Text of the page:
27 June 1955
Yes, it’s me again & no, I’m not ill. It’s just that I’ve grown momentarily tired of watching the many-legged little beasties running up & down the walls near the sink. Glancing by my left foot, I notice a recently deceased member of the clan. Speaking of the sink, the faucet drips (the hot water tap), making a rust-colored spot on the otherwise white porcelain. The fan is doing a thankless & futile job of trying to cool the room, but Pensacola’s summers are no match for anything less than full air conditioning
Whereas yesterday it rained & made itself generally disagreeable, today it did not—the sun glared down until early afternoon, when dirty grey clouds started to form. The sun might as well have spared its efforts this morning, on me at least, since I was in the nice air-conditioned ground school building answering such questions as
PNS M490 50 0 8 172/79/70 (left arrow) 8/992 RW-E25
in the above sequence report
the ceiling was measured at 4900 above ground
fog will not be present unless the wind shifts
rain showers ended at 25 minutes past the hour
In case you hadn’t guessed, c) is the correct answer. There were much harder questions. I’m getting so that I can read off sequence reports, area forecasts, terminal forecasts, & other similar jargon with comparative ease & accuracy.
Sunday while washing the car, I was viciously attacked on the fourth toe of my left foot by an ant (quite a small ant at that). Today I have a good-sized welt there.
And, speaking of ants, one is scurrying across the top of my stationery box at this moment. I see it has wings—well, what can you expect on an air base?
From ants, we shall now move on to the subject of flies. I assure you, my room alone is a veritable biologist’s (or zoologist’s) paradise. Anyway, I was sitting in one of the padded but otherwise fairly uncomfortable chairs in our room, reading Robert Graves’ "I, Claudius" when all of a sudden, a fly came strolling across the page. Now I’ve seen flies before, but never one like this. He was of medium stature, for a fly, and had, as far as I could tell, the usual number of appendages & other paraphernalia usually associated with flies. But here the resemblance ended. He was green, for one thing—not a drab old-shade green, but a glossy, iridescent green.
His eyes were his saving feature, though—they were concentric circles of red & green, both very vivid. For some reason, he seemed to take a liking to me, for he meandered across the book & wandered up my let index finger, across my hand, and on up my sleeve to a short distance below my elbow.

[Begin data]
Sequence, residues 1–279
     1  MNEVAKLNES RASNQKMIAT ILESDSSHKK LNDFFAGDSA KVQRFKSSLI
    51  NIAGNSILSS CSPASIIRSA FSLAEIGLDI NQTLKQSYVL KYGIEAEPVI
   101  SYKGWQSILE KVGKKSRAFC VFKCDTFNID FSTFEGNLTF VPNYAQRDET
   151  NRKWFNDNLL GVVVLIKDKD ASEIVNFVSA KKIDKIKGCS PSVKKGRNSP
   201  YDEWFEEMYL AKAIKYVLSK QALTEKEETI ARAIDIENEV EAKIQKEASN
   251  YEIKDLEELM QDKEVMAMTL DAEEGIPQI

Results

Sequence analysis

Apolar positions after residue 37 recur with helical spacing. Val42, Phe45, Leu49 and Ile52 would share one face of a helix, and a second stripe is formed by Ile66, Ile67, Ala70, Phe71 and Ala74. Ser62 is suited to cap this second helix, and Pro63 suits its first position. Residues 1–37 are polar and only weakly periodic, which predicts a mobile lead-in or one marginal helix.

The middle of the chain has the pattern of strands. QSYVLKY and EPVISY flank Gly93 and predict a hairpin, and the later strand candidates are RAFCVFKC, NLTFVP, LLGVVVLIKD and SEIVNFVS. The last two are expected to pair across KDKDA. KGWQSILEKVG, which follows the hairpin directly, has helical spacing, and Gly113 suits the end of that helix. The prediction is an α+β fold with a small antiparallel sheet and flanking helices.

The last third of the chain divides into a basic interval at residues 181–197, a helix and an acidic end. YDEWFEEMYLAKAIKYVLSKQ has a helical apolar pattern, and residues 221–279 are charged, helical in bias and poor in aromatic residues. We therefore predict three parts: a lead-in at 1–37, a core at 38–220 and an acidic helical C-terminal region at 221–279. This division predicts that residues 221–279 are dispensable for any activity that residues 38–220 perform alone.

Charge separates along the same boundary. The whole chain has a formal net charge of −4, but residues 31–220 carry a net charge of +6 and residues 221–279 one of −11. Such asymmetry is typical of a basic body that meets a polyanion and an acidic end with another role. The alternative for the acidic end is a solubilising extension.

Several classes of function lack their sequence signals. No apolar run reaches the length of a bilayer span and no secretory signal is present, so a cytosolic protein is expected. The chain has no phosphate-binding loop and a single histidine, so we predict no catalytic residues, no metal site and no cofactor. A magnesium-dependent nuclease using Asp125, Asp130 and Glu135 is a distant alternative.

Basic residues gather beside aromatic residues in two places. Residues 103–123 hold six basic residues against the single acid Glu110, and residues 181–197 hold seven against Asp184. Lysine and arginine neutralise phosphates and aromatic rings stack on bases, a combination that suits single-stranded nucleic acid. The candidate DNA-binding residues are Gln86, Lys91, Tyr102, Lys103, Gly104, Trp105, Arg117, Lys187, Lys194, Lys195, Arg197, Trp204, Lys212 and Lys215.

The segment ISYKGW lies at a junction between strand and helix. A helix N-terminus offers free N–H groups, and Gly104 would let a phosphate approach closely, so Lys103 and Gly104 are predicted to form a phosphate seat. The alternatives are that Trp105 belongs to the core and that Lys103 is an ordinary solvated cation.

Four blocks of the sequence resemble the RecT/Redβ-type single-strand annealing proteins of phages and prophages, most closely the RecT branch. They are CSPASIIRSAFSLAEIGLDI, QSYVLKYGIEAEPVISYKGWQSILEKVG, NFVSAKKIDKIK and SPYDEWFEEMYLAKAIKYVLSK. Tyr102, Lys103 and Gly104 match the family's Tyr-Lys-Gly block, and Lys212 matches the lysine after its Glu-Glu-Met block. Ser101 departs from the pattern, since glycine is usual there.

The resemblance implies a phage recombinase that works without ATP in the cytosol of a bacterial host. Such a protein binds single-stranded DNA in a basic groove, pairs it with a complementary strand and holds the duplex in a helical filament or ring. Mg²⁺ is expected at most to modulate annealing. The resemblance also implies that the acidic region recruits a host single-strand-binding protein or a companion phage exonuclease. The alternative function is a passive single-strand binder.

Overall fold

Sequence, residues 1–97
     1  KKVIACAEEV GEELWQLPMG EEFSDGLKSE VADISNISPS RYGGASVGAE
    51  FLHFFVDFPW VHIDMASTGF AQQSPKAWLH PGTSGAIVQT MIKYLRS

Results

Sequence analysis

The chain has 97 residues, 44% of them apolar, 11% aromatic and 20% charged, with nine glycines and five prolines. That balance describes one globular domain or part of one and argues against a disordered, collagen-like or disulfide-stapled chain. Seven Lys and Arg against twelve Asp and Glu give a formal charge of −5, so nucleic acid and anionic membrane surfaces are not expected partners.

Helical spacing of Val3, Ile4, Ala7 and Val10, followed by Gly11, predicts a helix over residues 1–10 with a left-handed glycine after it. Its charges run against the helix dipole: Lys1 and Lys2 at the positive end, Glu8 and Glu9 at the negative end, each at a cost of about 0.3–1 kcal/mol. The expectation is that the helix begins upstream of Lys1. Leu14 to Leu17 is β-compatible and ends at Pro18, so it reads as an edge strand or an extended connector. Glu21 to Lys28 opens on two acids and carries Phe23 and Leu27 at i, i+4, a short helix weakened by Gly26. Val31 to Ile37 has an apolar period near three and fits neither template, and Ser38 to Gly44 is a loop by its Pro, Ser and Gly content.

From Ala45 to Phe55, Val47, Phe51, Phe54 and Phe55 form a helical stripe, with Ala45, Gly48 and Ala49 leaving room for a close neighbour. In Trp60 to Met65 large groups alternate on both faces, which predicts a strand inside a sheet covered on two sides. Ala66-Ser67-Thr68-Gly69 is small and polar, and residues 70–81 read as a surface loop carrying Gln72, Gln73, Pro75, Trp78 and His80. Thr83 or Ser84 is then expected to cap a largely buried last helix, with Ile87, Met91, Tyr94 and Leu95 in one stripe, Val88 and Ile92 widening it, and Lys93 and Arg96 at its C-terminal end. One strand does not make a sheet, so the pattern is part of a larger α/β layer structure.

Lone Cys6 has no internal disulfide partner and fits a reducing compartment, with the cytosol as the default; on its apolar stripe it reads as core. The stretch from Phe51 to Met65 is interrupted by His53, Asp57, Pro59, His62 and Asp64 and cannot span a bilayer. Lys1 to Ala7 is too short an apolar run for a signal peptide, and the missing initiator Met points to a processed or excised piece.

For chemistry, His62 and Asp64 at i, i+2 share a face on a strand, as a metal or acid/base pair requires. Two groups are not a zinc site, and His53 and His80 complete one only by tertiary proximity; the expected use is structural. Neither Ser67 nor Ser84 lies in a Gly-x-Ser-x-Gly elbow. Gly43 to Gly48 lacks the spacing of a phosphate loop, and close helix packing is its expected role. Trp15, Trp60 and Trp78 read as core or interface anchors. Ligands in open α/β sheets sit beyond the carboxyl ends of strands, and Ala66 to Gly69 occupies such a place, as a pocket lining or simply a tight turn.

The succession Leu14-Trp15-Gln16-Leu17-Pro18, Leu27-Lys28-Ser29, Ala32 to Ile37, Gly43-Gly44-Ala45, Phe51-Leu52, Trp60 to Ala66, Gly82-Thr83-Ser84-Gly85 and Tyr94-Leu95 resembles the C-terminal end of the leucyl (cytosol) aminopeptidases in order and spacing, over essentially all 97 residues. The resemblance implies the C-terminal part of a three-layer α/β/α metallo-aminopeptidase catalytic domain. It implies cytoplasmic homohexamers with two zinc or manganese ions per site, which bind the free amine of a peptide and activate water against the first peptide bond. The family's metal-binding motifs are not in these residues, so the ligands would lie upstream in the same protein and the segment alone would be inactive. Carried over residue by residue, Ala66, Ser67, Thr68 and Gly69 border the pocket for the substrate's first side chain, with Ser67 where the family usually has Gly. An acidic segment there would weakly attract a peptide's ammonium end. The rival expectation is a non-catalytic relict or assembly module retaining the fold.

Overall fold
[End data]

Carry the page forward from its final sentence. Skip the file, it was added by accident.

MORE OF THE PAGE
I must state right here that he did not strike me as being a very intelligent fly, for he just stood there looking wherever a fly’s eyes look, & working his forelegs & mandibles (or whatever they are) like mad. The effect was like someone rubbing their hands in anguish, or greed.
Being the soft hearted slob that I am, I couldn’t bring myself to hit him with the book—besides, he might squish unpleasantly & I can’t stand the sight of blood.
So I nudged him with one finger, which can in part vouch for my opinion of his mental rating. He just stood there with those huge red & green eyes of his. I showed him to my roommates, who did not seem to share my enthusiasm (peasants, the lot of them—no spirit of adventure).
Finally, he condescended to fly two feet to the edge of my chair. I soon went back to my book & probably, in the course of my shifting positions, sat on him. Which only goes to prove, you can’t trust anybody these days.
Well, enough trivia for this time. Until next time I am
P.S. What about the car title? Thank you for the letters—they did a lot to cheer me up (though this morning I knew I was going to crash today). Flew two solo hops & they both went very well. Should everything go well, & I do not get any more downs, I could be out of Saufley Field before mother comes down—then I’d be at Barin, which is 20 miles from here, but still near enough Pensacola